The Central Division is one of the 3 divisions in the Eastern Conference of the National Basketball Association (NBA).
The branch consists of five groups, the Chicago Bulls, the Cleveland Cavaliers, the Detroit Pistons, the Indiana Pacers and the Milwaukee Bucks. All teams, except the Cavaliers, are former Midwest Division teams, hence the Central Division now mostly resembling the Midwest Division in the 1970s.
The division was created at the start of this 1970—71 season, when the league expanded from 14 to 17 teams with the addition of the Buffalo Braves, the Cleveland Cavaliers and the Portland Trail Blazers. The team realigned itself to two conventions, the Western Conference and the Eastern Conference, with two branches each in each conference. The Central Division began with four inaugural members, the Atlanta Hawks, the Baltimore Bullets, the Cincinnati Royals and the Cleveland Cavaliers.  The Hawks joined in the Western Division, although the Bullets and the Royals joined from the Eastern Division.
The Pistons have won the most Central Section titles . The Bulls have won the 2nd most names . Eleven NBA winners came in the Central Division. The Bulls won six championships, the Pistons won three championships and the Bullets and Cavs won one championship each. All of them, except the 1977—78 Bullets and the 2003—04 Pistons, were division champions. In the 2005—06 season, all five teams in the division qualified for the playoffs. The division champion is the Cleveland Cavaliers. The Central Division has the many teams which have won an championship, with four out of five teams winning the championship, along with the Pacers the only franchise never to have won.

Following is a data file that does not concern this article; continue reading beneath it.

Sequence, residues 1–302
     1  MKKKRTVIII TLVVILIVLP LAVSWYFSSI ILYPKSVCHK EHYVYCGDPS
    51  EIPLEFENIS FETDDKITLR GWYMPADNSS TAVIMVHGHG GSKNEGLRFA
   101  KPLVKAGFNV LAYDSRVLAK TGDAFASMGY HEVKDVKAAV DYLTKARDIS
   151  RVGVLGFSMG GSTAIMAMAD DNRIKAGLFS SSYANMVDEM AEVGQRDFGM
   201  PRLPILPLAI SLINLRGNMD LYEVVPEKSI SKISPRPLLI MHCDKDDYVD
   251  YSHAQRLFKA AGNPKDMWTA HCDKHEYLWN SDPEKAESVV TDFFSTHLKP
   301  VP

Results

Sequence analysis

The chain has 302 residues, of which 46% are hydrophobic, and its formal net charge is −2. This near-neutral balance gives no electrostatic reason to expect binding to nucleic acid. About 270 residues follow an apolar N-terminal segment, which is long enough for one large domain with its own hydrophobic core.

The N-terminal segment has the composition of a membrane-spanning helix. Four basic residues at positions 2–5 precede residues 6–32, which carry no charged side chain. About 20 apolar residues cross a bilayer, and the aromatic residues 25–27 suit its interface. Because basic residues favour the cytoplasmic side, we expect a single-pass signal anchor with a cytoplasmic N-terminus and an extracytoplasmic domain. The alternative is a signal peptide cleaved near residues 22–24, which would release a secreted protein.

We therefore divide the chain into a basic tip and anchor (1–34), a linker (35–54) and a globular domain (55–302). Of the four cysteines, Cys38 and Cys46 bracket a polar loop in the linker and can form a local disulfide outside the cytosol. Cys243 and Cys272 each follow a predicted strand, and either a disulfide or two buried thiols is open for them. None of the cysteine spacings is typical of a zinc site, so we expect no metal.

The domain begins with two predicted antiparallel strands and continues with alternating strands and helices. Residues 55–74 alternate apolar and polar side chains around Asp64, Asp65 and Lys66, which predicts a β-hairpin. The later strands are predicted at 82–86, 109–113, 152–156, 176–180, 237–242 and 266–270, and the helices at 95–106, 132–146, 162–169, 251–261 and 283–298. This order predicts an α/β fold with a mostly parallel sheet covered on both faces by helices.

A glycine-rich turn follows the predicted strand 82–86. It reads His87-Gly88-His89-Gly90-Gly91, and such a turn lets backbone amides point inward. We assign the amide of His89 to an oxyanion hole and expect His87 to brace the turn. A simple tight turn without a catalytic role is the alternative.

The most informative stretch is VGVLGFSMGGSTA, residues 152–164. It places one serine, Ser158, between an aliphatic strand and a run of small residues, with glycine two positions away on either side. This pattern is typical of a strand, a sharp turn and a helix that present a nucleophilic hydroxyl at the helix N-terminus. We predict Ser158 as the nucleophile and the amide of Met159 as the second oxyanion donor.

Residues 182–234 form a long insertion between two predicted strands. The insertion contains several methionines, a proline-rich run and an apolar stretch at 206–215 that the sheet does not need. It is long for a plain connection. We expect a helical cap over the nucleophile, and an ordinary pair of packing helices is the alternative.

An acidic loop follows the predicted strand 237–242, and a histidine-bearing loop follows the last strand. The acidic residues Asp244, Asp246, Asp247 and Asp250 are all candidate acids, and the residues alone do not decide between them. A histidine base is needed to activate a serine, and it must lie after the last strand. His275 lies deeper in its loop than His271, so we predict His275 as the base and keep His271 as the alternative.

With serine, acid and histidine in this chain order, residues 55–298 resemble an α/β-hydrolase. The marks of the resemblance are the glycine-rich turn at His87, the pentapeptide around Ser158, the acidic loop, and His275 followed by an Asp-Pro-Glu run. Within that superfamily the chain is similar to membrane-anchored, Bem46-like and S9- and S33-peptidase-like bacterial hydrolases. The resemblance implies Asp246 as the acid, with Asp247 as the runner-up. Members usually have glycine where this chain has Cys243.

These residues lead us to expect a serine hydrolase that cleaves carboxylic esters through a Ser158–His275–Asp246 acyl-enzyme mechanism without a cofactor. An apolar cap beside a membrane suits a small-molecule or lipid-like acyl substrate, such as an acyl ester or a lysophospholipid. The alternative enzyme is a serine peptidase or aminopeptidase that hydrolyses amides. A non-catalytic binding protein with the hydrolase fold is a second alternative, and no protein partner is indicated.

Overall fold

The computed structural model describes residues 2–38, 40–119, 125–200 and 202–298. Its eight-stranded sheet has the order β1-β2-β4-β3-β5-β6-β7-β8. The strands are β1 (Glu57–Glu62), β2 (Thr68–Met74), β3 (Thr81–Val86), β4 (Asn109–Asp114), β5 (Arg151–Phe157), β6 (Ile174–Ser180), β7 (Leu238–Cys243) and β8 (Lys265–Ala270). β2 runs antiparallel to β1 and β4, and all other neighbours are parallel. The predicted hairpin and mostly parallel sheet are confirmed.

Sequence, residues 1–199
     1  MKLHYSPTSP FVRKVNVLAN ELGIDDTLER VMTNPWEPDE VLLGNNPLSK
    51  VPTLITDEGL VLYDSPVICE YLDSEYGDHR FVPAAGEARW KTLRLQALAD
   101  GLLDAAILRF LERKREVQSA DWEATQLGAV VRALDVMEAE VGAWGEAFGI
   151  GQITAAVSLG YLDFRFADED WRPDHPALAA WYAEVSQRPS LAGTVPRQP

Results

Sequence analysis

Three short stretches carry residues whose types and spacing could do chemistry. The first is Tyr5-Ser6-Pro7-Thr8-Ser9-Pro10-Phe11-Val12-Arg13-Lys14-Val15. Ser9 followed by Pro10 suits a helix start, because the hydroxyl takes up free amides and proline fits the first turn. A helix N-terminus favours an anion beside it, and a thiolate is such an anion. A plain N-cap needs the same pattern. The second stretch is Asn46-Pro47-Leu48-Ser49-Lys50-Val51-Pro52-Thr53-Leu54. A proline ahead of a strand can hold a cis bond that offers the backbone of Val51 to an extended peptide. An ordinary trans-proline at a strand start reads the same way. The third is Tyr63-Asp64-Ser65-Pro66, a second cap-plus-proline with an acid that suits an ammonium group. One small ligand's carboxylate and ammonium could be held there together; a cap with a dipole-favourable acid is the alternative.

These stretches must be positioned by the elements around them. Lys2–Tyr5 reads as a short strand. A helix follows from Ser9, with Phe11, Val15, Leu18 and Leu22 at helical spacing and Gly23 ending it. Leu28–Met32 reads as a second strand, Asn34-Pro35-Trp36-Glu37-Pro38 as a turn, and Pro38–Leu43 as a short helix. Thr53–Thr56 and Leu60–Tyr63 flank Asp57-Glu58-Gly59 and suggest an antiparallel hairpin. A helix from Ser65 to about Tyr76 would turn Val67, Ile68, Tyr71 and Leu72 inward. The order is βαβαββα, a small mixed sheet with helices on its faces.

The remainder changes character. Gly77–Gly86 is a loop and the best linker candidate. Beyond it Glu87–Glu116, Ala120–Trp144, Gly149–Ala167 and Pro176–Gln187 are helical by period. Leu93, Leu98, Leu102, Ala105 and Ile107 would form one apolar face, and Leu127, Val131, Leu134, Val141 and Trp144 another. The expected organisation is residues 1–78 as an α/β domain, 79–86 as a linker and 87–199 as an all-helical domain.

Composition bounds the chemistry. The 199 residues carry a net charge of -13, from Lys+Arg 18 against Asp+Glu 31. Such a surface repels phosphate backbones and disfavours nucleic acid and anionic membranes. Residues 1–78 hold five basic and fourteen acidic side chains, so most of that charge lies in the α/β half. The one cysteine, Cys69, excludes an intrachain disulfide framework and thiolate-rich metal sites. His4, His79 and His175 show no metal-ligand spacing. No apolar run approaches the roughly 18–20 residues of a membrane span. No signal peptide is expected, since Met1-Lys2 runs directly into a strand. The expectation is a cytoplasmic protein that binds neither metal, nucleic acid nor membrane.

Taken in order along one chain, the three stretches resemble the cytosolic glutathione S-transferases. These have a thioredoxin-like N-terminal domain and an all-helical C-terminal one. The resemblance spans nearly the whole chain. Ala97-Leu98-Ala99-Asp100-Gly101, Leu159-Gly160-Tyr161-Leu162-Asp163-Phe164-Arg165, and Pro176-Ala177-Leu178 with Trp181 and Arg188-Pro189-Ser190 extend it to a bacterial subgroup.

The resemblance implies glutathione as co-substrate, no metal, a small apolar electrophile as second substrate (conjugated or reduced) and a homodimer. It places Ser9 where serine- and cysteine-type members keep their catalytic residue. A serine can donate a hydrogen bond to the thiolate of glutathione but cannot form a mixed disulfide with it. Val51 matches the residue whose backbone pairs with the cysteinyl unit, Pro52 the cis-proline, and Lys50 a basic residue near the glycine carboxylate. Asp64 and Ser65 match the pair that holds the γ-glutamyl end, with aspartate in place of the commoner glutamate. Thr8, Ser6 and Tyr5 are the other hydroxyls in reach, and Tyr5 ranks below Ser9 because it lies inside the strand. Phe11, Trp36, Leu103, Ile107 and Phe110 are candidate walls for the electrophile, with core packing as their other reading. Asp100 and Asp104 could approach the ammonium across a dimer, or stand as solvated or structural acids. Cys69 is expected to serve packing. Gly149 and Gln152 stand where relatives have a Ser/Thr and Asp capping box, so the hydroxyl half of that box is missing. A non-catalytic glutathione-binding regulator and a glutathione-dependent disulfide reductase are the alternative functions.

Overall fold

The Central Division existed for one season in the 1949—50 season among the 3 branches in the NBA, along with the Western and the Eastern Division. On the flip side, the current Central Division which was shaped at the 1970, is among the three divisions in the Eastern Conference, the successor of the Eastern Division.
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